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Banks are a mix of great people at the bottom, horrible people at the top

I've spent nearly 20 years as a developer in banking and I've worked across Wall Street. Wherever I go, I notice a truth holds: the higher up the hierarchy you go, the worse the more unpleasant the people become.

It's a weird mix and some banks have it worse than others. I've worked at German banks where it's especially bad, at others where it's less of a big deal.

How is it that nice people turn bad in this industry? It's a cultural thing. The higher you climb in banking, the more you're paid amounts that would seem inconceivable in other industries. This can be isolating and it's easier to be an asshole in an isolated group where everyone's behaving the same. 

It's also the case that the more senior you are, the more power you get over those below you. When you're a managing director or a partner in a bank, you get to help choose who you "allow into the club" and this can make your boots pretty big. You also get to wield the ax and to choose who to cut and who to spare. People try to rationalize these decisions away, but they're bad for the soul.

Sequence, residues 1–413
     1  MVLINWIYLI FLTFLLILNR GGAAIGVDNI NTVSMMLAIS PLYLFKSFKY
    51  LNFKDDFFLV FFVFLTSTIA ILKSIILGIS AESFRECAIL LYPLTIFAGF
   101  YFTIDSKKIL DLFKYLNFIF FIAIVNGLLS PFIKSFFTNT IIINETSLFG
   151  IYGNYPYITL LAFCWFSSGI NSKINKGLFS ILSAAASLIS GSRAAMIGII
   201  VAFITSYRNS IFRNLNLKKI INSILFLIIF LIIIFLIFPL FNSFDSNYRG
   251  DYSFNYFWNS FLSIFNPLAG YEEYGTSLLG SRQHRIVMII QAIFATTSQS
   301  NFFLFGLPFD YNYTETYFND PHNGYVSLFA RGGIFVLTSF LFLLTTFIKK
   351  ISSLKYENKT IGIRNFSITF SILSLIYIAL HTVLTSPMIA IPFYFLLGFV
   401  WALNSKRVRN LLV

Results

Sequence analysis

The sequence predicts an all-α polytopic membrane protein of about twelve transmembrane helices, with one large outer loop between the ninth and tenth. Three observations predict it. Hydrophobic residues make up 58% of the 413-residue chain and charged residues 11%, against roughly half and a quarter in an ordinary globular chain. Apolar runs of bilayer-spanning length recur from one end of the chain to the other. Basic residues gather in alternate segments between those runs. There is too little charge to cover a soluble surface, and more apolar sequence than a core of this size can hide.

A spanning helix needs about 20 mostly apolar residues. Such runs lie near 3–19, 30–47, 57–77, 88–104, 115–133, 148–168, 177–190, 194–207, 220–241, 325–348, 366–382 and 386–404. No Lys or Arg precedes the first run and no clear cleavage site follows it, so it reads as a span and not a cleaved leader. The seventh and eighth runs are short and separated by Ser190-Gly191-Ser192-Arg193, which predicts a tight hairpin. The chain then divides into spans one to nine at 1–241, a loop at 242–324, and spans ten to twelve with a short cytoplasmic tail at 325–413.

At the bottom it's completely different. You're paid well, but you're also part of a large cohort working long hours in the office (or at least you were when everyone still went into the office), and this breeds camaraderie.  You have no authority and therefore you have to capitulate to pretty much everyone. If you "misbehave" and upset someone, you'll be shown the door. 

Bonuses and promotions have their role to play in this. The bonus structure (what's left of it) and promotion process are an outright popularity contest. To get promoted you need to have people outside your team who know you and are willing to champion your cause.  The same applies to bonuses, even for juniors in PnL-generating areas. If you're rude or an introvert, you'll get nowhere. The process favors likeable extroverts.

If you're disagreeable at the start of your career, then, you will get nowhere.  When you move up, it's easier to be unpleasant. And people seem to take advantage of that.

Lewis Blair is a pseudonym

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Photo by serjan midili on Unsplash

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AUTHORLewis Blair Insider Comment

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